Tendon injuries are most commonly treated by physical therapy and anti-inflammatories. The most frequent clinical uses are for plantar fasciitis (heel), achilles (ankle), patella (knee), gluteals (hip) and elbow common extensor origin (tennis elbow) and common flexor origin tendon (golfer's elbow). We now have a newer modality of treatment using your own blood products: Autologous Blood Injection and Plasma Rich Platelet Injection.
Blood contains many nutrients and substances which are thought to promote healing. Platelets contain many growth factors, in particular PDGF (Platelet Derived Growth Factor) which has been shown to promote healing of many tissues, including bone, teeth, skin and the tissue lining our eyes. PDGF also promotes the healing of tendons.
If you suffer from tendinosis it is most important that the correct diagnosis is made. This usually involves an ultrasound and/or an MRI. Following diagnosis, the initial line of treatment is to undergo a period of rehabilitation for 6 weeks under the supervision of a Physiotherapist or Sports Doctor. If pain persists, you may be a candidate for an ABI or PRP injection.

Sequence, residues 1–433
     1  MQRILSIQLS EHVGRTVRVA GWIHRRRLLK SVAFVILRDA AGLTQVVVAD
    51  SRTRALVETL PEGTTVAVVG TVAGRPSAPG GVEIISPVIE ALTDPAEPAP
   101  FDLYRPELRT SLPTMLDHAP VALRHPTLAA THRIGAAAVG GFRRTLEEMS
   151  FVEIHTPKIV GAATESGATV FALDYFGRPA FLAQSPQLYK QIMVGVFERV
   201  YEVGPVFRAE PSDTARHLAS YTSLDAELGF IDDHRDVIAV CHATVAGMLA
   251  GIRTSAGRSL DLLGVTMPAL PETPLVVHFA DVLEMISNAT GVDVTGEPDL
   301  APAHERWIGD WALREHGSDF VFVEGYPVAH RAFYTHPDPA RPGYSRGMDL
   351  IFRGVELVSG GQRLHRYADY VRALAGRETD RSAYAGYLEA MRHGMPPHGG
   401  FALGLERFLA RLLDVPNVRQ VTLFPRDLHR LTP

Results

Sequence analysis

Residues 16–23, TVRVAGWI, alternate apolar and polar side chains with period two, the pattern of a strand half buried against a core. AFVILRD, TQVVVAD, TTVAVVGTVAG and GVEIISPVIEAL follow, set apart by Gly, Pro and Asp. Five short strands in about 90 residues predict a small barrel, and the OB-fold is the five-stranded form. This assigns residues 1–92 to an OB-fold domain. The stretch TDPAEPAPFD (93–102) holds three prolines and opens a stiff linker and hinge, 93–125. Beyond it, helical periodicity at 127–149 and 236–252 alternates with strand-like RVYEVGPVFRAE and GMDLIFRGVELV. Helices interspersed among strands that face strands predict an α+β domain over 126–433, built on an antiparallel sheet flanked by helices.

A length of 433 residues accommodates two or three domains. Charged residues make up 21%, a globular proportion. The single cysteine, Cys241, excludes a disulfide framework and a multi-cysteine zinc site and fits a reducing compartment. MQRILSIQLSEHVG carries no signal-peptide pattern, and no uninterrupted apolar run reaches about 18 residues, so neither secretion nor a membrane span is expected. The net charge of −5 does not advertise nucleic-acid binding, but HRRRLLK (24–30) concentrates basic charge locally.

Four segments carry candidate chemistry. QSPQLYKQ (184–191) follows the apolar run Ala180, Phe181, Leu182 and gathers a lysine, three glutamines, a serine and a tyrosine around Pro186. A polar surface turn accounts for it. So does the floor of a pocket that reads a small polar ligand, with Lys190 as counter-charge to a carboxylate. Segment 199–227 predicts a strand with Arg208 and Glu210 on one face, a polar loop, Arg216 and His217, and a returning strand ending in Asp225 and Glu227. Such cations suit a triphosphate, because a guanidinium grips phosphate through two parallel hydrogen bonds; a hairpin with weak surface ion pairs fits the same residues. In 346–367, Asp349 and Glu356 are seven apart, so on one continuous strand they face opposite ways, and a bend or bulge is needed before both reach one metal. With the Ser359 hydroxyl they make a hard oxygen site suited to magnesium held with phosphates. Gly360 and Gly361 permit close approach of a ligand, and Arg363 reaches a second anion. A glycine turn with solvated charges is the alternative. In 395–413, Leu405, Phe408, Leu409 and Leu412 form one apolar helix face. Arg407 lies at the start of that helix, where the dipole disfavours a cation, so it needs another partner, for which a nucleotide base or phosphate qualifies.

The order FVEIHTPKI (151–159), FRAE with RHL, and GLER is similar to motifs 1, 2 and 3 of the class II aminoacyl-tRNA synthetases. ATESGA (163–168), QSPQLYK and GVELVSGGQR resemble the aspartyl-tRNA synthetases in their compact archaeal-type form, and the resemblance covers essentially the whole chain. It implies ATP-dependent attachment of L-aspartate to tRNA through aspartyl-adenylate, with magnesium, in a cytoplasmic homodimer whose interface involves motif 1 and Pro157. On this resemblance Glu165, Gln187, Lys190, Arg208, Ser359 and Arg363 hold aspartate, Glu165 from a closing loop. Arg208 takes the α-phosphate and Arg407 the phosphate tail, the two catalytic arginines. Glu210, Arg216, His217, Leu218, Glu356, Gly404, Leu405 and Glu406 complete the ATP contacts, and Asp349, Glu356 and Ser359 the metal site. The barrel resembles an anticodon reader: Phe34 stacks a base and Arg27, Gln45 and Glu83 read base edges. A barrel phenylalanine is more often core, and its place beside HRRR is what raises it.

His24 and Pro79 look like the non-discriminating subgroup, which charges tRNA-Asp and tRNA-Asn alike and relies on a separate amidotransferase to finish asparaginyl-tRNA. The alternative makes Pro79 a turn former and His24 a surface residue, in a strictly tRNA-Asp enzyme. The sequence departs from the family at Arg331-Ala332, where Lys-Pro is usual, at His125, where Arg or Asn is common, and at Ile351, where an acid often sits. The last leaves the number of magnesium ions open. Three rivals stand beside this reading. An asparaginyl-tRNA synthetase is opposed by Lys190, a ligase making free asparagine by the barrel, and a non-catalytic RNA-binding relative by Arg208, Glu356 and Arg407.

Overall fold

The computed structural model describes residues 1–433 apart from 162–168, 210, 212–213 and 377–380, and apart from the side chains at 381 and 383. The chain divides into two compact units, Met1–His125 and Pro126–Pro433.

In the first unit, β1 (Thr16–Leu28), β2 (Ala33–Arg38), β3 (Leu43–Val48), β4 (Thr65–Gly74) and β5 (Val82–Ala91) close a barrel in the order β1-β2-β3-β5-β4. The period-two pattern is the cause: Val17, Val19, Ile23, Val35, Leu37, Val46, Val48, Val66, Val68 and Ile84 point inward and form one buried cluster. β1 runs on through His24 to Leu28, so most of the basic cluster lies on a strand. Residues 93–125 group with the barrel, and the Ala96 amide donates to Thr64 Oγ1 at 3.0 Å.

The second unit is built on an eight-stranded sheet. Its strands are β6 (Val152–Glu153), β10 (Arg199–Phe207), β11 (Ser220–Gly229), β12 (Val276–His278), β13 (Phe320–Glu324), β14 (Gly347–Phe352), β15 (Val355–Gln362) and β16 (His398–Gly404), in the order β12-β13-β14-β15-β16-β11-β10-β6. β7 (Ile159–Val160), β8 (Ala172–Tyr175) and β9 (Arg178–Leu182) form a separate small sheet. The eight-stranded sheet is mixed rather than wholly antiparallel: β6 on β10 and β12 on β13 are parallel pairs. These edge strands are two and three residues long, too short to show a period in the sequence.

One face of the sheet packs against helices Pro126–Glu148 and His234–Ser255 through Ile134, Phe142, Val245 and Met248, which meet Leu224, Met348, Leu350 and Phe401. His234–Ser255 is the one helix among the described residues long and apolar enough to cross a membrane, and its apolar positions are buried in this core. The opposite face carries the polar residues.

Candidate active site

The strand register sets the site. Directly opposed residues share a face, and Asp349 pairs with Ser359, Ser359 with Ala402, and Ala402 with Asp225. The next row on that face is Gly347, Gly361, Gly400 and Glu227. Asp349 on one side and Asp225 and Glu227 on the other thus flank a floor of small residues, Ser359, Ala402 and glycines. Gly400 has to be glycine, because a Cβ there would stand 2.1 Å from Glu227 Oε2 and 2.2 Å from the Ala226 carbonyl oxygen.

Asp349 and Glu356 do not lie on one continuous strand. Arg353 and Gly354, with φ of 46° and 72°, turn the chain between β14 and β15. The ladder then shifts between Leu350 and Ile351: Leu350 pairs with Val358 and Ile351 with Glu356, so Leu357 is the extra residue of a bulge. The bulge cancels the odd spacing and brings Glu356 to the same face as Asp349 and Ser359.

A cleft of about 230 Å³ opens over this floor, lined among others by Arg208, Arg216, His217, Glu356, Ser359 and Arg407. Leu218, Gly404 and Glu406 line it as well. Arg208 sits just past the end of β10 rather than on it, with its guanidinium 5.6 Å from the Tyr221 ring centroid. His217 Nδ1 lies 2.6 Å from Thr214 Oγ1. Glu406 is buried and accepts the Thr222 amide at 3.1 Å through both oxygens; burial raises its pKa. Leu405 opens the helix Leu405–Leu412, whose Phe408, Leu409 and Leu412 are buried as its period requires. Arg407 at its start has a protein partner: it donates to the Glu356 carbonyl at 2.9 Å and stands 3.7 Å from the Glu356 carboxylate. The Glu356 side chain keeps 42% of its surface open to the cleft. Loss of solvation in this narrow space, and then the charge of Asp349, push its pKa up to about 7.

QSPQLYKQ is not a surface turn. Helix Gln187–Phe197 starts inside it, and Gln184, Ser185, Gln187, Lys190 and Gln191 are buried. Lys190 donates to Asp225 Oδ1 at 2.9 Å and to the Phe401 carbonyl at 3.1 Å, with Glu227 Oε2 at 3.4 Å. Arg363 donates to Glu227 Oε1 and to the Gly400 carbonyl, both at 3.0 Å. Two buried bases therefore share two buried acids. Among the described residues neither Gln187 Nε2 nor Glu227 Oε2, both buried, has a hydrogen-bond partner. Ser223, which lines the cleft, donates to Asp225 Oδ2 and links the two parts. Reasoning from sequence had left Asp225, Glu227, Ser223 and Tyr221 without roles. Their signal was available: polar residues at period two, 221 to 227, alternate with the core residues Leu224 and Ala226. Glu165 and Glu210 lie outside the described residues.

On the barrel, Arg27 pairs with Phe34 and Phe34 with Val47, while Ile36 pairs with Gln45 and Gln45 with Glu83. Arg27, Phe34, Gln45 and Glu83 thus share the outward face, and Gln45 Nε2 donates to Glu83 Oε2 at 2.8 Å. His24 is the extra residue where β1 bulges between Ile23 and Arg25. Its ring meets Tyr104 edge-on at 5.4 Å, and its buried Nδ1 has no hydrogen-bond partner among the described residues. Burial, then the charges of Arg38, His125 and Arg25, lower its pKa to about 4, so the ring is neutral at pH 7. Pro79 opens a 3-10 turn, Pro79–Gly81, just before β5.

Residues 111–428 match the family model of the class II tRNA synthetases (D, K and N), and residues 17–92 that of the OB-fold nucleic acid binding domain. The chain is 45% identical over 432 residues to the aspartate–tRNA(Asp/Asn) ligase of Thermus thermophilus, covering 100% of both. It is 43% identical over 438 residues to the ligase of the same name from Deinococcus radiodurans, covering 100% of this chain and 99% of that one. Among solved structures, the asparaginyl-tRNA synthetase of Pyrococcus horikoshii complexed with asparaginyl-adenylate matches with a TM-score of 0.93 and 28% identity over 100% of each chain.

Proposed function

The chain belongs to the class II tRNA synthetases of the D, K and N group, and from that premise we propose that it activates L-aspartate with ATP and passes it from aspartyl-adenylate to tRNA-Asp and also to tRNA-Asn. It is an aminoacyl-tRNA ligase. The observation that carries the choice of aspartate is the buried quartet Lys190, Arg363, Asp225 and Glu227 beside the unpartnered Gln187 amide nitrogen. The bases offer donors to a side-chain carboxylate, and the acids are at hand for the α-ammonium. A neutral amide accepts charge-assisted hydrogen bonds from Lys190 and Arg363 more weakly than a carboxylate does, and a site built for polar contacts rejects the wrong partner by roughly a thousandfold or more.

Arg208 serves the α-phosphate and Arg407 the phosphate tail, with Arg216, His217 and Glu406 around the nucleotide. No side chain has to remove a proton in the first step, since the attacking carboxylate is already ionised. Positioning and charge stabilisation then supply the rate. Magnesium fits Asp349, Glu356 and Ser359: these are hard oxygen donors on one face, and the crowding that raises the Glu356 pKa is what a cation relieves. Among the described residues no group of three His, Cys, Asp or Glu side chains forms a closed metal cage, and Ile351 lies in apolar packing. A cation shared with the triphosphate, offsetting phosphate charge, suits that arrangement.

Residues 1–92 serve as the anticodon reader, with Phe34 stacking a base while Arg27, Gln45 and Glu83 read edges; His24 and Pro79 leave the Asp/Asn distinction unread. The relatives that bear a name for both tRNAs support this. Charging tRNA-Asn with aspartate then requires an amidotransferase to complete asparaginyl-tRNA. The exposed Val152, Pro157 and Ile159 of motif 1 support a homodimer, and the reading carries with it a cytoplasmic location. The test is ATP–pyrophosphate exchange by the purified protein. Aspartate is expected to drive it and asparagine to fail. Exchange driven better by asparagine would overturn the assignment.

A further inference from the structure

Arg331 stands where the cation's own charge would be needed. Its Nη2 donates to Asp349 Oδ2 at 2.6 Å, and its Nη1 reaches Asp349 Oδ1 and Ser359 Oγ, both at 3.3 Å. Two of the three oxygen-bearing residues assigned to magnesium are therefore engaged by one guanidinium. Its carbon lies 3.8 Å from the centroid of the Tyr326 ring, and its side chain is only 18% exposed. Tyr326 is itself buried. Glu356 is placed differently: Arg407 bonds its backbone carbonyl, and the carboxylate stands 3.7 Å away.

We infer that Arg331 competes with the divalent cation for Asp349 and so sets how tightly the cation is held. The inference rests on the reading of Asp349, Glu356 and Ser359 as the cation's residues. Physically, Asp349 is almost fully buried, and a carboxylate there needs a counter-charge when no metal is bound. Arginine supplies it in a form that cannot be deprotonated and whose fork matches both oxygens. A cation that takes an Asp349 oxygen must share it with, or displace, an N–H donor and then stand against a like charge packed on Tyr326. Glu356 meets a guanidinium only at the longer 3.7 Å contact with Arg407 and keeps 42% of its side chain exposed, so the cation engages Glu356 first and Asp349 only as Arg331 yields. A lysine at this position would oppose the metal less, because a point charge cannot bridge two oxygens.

The Autologous Blood Injection procedure will take approximately 5 minutes and involves the use of an ultrasound to guide the needle safely into the correct location. The skin is first cleansed and prepared and local anaesthetic injected into the skin overlying the tendon. Blood is then injected directly into the tendon. The amount of blood injected depends on the size of the tendon.
A Platelet Rich Plasma injection is similar to the Autologous Blood Injection, but a larger amount of blood is used, it is placed in a tube and spun many thousands of times for a period of 15 minutes. During this time the cells in the blood separate from the fluid component into the three main cells types: red blood cells, white blood cells and platelets. The platelets are then selectively removed. By doing this, a greater concentration of platelets is delivered into the damaged tissue.
As with all medical procedures, there are some risks associated with ABI and PRP injections. The main complication is a skin infection which can be treated with antibiotics.
If you wish to explore this treatment regime, please arrange an appointment to see one of our Sports Doctors. Together you can decide if this procedure would suit your injury and if appropriate, refer you to a radiology clinic for the procedure to be conducted.
Please phone 9650 9372 for an appointment or book online.